The entire world was captivated by the rescue of twelve young soccer players and their coach from a cave in Thailand. People from all walks of life sat with aching bellies, praying for gleeful news to squash the fear in their hearts.
Success! Despite the odds, the boys, their families, and the world couldn’t have received a better outcome. Or a better story. Joseph Campbell’s A Hero with a Thousand Faces analyzes myths and stories from the ages, and yet again, the Hero’s Journey replayed itself.
Taking a quick look at some of the story dynamics, in the Thai cave saga, the stranded lads had clearly crossed the threshold into the belly of the whale while on an hiking outing. They become trapped by rising water deep inside a cave, and are plunged into a fight for their lives. Literally fish out of water, they must have gotten to know each other in the most intimate of ways as they awaited rescue. They learned of each other’s weaknesses—and strengths. With oxygen low, an impending monsoon season, and time not on their side, all seemed lost – until help arrives. As in the Hero’s Journey, they underwent a series of trials, tests, and ordeals only to return, ultimately, and forever, changed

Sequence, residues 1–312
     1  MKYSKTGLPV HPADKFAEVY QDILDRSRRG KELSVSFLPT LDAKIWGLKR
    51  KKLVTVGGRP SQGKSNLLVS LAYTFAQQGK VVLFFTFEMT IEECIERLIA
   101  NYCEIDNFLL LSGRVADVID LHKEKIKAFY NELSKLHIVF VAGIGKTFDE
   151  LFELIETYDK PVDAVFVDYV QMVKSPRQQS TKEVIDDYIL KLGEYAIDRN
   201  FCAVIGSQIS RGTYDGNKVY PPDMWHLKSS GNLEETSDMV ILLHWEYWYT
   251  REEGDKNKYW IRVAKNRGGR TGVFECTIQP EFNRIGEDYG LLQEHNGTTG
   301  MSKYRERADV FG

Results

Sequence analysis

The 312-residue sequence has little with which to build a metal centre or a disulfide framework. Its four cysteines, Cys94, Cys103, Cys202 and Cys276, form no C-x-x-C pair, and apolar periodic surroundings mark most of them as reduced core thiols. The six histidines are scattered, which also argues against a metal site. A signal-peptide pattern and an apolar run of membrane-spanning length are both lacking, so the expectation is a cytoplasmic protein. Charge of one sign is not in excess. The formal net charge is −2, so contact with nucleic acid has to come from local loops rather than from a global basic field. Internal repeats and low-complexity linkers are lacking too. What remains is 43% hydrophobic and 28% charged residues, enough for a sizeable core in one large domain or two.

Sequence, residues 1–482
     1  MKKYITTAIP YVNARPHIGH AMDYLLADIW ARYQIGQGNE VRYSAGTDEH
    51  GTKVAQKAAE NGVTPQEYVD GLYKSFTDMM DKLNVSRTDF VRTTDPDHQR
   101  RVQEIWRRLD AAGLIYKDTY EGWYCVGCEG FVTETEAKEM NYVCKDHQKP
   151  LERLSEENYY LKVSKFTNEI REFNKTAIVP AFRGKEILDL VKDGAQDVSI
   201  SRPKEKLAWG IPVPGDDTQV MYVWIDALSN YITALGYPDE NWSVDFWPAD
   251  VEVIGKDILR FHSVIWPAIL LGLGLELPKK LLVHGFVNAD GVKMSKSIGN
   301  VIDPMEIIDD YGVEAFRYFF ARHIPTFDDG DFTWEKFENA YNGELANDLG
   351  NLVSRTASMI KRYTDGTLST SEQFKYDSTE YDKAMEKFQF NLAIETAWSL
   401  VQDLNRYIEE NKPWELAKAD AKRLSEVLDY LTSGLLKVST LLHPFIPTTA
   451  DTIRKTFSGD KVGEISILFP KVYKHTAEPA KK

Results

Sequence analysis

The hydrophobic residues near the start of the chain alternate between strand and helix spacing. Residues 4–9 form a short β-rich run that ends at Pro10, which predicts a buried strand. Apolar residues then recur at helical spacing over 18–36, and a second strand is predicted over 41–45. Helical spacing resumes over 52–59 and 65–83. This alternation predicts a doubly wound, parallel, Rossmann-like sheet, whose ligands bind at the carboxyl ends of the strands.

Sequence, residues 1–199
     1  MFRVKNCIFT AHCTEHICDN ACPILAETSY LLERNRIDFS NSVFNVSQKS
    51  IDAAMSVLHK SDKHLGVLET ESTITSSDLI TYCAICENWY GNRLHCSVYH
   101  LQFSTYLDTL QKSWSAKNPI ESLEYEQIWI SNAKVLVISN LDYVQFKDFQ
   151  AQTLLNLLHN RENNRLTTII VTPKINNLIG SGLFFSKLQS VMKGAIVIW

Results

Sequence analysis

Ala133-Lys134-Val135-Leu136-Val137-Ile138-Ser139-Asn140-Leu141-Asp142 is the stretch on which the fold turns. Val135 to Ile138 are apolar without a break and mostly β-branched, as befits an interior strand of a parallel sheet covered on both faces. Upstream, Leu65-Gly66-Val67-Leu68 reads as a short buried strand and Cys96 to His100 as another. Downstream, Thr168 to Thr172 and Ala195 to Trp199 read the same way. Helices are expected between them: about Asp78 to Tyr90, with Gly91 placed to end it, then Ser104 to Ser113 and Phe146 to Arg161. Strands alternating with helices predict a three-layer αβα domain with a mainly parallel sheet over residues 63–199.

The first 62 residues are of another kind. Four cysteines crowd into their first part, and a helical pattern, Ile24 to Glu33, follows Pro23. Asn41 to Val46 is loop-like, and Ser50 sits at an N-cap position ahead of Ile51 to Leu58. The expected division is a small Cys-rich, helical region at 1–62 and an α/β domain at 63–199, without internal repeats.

However, the aid workers also faced their own set of challenges and sacrifices that required them to dig deep, past anguishing moments of defeat, eventually to be rewarded with triumphant success. They did not give up. They were determined and hopeful and together, each soul involved in that rescue has created their own personal Hero’s Journey. The lost boys, the coach and their rescuers created an epic, miraculous story that we can all love in unity, one infused with inspiration and hope.
The Hero’s Journey is all around us in large and small scales, as noted in David Wilcox’s work, The Synchronicity Key. The Hero’s Journey is about us, all of us. It’s played out in every one of our lives. The cancer survivor, the abuse survivor, the college graduate, the new parent, or the grieving widow are all moving along their own Hero’s Journey at any given moment in time. Maybe you are at an “all is lost moment,” but perhaps it’s only a lull, a turning point in the plot (albeit with the aftertaste of bad writing). Don’t be discouraged. The story rolls on, the story always rolls on.